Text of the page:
The world’s growing riches seem to make little difference to over 100 million people globally as they slide into poverty every year because of healthcare costs. One of the unsolved conundrums in many countries is the inability to provide for universal healthcare coverage, despite economic growth and development. While the financial consequences of illness are severe for many in poorer countries that do not have appropriate systems in place, those in richer nations are by no means immune from this malady. Researchers at Harvard have made the point that illness or medical bills were behind 62 per cent of personal bankruptcies in the United States in 2007. In India, high spending on health is a major reason for people sliding into poverty. Inadequate state delivery systems mean India’s private expenditure on health accounts for 72 per cent of the total health expenditure. Moreover, with poor re-financing options, a staggering 89.5 per cent of this private health expenditure is met out of pocket, from the immediately available funds of individuals. Coming up with viable financing methods, therefore, is an urgent requirement for many countries, including India. The World Health Organisation makes a timely intervention by calling for reforms in the way nations finance healthcare in its World Health Report — Health systems financing: the path to universal coverage.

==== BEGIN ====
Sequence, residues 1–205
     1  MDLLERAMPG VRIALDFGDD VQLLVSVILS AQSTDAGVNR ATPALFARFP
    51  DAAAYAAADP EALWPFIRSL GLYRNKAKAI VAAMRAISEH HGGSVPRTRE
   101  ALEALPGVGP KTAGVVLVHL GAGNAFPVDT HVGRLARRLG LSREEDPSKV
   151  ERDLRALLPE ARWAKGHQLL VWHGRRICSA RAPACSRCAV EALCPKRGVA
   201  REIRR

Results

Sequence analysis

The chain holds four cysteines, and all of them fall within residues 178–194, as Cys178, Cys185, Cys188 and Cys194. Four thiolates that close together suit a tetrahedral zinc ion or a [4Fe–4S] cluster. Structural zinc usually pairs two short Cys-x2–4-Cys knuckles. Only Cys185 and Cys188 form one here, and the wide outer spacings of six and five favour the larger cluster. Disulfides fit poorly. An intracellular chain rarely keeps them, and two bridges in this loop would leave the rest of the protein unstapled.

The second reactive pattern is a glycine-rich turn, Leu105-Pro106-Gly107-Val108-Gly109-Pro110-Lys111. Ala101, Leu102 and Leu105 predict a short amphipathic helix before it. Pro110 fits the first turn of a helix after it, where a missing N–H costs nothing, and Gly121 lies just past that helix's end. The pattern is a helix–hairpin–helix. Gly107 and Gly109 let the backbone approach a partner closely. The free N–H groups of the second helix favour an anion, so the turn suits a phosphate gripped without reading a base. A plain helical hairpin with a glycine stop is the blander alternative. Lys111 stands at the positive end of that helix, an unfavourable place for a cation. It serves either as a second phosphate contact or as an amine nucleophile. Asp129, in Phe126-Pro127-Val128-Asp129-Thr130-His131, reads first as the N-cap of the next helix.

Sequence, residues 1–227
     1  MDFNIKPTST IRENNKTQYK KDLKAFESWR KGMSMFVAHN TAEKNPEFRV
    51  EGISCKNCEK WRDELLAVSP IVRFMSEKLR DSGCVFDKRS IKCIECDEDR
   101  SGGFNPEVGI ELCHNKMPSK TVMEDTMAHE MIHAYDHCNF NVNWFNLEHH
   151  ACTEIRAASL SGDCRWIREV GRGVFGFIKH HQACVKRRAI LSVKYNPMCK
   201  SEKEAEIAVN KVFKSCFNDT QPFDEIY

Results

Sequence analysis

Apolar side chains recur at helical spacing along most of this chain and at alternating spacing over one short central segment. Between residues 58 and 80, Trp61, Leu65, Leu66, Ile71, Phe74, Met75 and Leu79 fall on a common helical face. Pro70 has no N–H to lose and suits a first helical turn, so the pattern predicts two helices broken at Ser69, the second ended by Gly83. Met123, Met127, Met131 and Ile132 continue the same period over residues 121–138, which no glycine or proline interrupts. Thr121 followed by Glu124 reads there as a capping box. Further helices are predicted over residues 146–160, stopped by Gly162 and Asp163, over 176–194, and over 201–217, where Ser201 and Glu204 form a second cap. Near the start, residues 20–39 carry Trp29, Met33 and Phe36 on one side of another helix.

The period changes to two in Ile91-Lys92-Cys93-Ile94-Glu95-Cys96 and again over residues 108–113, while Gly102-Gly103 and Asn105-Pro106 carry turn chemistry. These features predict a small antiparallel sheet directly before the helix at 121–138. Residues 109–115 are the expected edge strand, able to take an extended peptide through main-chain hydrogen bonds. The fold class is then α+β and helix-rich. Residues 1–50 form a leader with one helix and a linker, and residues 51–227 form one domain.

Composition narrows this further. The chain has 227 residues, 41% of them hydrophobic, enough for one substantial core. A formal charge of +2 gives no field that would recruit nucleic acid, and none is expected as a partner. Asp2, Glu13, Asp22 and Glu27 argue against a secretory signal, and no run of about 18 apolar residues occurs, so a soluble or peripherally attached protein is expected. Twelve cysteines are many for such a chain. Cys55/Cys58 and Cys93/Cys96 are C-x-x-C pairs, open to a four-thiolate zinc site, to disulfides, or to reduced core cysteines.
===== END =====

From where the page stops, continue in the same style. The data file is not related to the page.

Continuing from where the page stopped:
Any policy that aims at reducing personal financial burden related to healthcare should focus on bringing down the direct payments by the individual. This means a change in who pays for healthcare, now borne overwhelmingly by individuals in countries that have weak government-paid healthcare systems. The question of ‘who-else-should-pay’ gives itself two choices globally: integration of provision and payment, which calls for a lead role by governments; and an institutionally separate agency, say, an insurer or a government body that pays for healthcare on behalf of individuals. In India, there has been an increase in the share of private insurance to meet private health expenditure, up from 1.1 per cent in 1995 to 2.2 per cent in 2008. But this is no substitute for the state’s role in providing basic, affordable healthcare. The report’s suggested domestic options for innovative financing — for instance, diaspora bonds, and a minimal tax on foreign exchange transactions in currency markets (0.005 per cent in the case of India) — are timely as they could help governments fund better state-provided healthcare. Revenues raised from such measures should be used for putting in place strong and affordable delivery systems, particularly in the two important areas of primary and preventive healthcare.